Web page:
From Provisional IRA commander to political peacemaker, Martin McGuinness's journey took him from the Bogside into peace negotiations and on to Windsor Castle.

In the Bogside, Catholics were poor and oppressed, civil rights marches turned into riots and the British army was deployed on the streets.

McGuinness joined the IRA, believing armed struggle was the only way to achieve a free Derry.

He quickly rose through the ranks of the Provisional IRA, as its campaign of violence targeted unionists, and Catholics who did not toe the line.

Bloody Sunday, which resulted in the deaths of 14 men and boys, bolstered support for the IRA and McGuinness.

Convicted of IRA membership and sentenced to six months, when he came out he became a familiar face beside Gerry Adams, and spurred on by the electoral success of the hunger strikers, republicans decided to run for election.

Now a politician, he remained a prominent republican and terrible things continued to happen in Derry.

A census collector, 29-year-old Joanne Mathers, was shot dead collecting forms - and republicans had urged people not to fill them out.

Frank Hegarty, an IRA member turned informer, was shot dead after being promised safe passage home. And Patsy Gillespie, a Catholic, was strapped into a van loaded with explosives which exploded at a check point killing him and five soldiers.

As the countless deaths continued, the IRA began to realise that it was not going to end this by military means. A ceasefire was announced and negotiations began, resulting in the Good Friday Agreement.

Rev Harold Good, one of the independent witnesses to oversee the decommissioning of the IRA weaponry, said:

Had he [McGuinness] not come from that place he would not have been able to bring other people with him on that journey. That must not be forgotten.

But McGuinness had a tough battle persuading republicans to decommission weapons and support policing and the rule of law, and the negotiators knew it.

Peter Hain, former secretary of state of Northern Ireland, said: "At one point it got so heated that Gerry Adams and Martin McGuinness cornered me in a cupboard, in Hillsborough Castle, and really tried to threaten me. Threaten me that I would get sacked by Tony Blair the prime minister, from my job. I knew it was nonsense."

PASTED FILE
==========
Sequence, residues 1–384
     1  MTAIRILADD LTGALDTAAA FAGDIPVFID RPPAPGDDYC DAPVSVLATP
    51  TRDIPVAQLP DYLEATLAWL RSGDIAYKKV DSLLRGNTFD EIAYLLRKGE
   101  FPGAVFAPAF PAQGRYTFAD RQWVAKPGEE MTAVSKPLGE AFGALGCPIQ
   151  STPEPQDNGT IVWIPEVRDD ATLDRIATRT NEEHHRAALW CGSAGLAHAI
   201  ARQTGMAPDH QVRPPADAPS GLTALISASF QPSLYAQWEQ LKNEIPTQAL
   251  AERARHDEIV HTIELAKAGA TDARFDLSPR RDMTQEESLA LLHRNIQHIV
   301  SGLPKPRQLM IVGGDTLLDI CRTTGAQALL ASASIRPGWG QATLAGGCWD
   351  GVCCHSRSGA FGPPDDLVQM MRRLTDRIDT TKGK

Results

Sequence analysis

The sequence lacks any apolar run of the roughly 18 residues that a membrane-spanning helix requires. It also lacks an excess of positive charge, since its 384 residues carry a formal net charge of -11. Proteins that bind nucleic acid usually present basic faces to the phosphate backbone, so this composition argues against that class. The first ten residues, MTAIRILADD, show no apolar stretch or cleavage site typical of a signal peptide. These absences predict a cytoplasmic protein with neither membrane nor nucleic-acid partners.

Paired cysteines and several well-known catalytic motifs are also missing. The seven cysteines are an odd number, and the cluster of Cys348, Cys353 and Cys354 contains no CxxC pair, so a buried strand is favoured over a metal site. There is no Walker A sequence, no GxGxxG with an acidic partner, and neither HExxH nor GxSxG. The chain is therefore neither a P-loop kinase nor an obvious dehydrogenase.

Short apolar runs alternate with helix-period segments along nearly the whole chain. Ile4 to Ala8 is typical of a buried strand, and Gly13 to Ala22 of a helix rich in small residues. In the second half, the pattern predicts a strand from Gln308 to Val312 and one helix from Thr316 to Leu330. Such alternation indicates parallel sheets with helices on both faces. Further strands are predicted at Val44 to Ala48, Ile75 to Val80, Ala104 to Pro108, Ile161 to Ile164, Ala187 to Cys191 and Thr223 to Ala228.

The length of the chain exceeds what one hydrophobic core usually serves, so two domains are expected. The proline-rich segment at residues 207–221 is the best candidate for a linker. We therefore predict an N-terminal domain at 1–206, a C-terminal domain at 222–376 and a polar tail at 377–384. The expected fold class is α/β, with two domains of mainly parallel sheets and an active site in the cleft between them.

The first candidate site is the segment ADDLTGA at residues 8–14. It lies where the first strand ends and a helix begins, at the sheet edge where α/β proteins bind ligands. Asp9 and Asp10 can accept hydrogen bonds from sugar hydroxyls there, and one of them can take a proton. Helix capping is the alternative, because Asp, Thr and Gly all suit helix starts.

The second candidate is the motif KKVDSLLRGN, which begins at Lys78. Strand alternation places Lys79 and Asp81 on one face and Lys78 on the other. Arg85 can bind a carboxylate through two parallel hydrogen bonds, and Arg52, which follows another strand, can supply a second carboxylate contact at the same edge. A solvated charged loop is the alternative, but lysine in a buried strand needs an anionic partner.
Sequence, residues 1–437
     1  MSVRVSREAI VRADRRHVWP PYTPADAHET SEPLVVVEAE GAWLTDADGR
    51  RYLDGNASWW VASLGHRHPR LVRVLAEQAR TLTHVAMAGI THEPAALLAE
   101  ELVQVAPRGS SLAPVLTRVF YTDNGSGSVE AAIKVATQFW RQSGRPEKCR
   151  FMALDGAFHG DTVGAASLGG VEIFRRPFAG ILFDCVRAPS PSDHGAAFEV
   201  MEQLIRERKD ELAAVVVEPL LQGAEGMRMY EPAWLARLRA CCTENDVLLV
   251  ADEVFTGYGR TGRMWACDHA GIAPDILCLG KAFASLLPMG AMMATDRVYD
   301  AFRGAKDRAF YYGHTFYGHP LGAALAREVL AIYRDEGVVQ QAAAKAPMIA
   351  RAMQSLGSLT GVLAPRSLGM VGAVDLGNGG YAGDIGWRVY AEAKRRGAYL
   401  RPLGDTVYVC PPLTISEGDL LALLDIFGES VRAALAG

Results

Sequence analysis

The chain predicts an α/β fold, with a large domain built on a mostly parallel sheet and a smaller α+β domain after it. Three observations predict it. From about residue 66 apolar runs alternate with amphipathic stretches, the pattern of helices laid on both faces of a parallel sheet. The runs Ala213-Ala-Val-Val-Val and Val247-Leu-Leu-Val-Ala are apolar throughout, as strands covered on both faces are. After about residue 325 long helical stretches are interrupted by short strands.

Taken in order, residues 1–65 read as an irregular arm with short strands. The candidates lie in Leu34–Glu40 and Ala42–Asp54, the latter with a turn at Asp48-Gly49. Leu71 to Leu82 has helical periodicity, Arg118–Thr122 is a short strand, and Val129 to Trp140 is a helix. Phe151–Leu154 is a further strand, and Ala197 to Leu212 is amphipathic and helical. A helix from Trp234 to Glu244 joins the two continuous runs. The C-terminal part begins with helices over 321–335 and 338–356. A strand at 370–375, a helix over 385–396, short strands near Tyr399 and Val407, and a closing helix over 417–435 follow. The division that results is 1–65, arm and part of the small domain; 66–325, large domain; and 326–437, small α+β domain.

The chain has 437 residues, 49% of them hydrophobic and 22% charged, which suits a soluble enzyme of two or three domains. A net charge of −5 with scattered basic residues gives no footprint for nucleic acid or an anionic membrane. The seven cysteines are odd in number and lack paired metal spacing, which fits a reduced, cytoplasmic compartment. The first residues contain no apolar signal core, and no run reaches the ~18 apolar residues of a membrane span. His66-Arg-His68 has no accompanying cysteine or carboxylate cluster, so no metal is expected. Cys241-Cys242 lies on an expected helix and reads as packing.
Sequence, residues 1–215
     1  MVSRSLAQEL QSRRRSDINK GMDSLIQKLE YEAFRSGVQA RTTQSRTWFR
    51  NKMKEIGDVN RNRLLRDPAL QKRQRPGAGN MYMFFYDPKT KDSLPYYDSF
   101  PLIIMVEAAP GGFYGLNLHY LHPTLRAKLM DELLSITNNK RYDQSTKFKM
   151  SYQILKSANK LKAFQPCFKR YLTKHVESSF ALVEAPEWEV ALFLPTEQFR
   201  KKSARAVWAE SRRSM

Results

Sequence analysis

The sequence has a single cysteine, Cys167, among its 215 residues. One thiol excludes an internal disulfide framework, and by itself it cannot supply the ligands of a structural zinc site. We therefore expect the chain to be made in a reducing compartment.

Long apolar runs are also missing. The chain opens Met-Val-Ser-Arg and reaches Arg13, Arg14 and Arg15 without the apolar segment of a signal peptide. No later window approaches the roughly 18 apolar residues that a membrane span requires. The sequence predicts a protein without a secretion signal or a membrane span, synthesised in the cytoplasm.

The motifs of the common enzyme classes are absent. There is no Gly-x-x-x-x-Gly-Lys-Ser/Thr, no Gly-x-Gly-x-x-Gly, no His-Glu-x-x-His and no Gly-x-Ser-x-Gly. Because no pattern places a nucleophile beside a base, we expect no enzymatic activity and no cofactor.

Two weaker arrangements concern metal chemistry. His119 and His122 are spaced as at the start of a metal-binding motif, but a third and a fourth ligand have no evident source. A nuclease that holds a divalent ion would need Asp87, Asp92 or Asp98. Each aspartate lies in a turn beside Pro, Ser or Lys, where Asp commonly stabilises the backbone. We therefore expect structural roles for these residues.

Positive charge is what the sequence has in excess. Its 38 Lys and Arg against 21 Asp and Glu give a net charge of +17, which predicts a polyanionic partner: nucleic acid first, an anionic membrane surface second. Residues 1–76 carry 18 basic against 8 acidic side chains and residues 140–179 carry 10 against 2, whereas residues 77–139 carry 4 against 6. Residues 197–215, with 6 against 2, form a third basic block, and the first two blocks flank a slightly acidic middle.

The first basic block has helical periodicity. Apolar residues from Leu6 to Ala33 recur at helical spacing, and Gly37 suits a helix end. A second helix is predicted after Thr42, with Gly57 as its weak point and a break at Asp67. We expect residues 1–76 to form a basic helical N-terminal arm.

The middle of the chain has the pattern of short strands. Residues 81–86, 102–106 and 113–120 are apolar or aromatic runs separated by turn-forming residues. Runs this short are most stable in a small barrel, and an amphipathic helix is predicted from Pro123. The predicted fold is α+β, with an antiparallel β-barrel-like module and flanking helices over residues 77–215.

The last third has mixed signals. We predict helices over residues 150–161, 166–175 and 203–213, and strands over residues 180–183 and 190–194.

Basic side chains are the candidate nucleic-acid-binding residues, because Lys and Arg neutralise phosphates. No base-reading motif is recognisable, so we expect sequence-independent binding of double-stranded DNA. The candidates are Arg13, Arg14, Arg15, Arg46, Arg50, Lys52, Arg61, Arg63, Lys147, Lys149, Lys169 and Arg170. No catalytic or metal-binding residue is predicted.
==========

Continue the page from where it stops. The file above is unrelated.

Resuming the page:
Eventually a deal was struck.

The DUP's Ian Paisley Jnr said: "Doing a deal with that person was probably the most important arrangement we had to come to because if we could do a deal with Martin McGuinness and we could work with Martin McGuinness, we could do a deal with any republican because he was the authentic voice."

Once bitter enemies, Ian Paisley Snr and McGuinness created a devolved government representing their sides as equals.

A partnership, even friendship, developed and they were dubbed the "Chuckle Brothers".

Ian Paisley Jnr said: "They prayed together. I know my father prayed for Martin McGuinness when his mother was ill.

They had very personal talks but it wasn't about being cosy with each other, it was about respecting each other.

For McGuinness the shift had happened, he was now a statesman and he even ran, albeit unsuccessfully, to be President of Ireland.

So it seemed the time had come to make perhaps his most significant peacetime gesture, when he publicly shook hands with Britain's Queen Elizabeth on a visit to Belfast.

Power-sharing had its ups and downs and as Sinn Féin's partners in government changed, McGuinness was the one constant, the longest-serving minister in the executive.

He bowed out of politics over the "cash for ash" scandal but it was a much frailer McGuinness who returned to the Bogside that night.

McGuinness said: "I'll always be very proud to be from the Bogside."

I've ended up in many famous places throughout the world ... but my heart lies in the Bogside, and with the people of the Bogside. Go raibh míle míle maith agaibh.

He is survived by his wife Bernie and four children.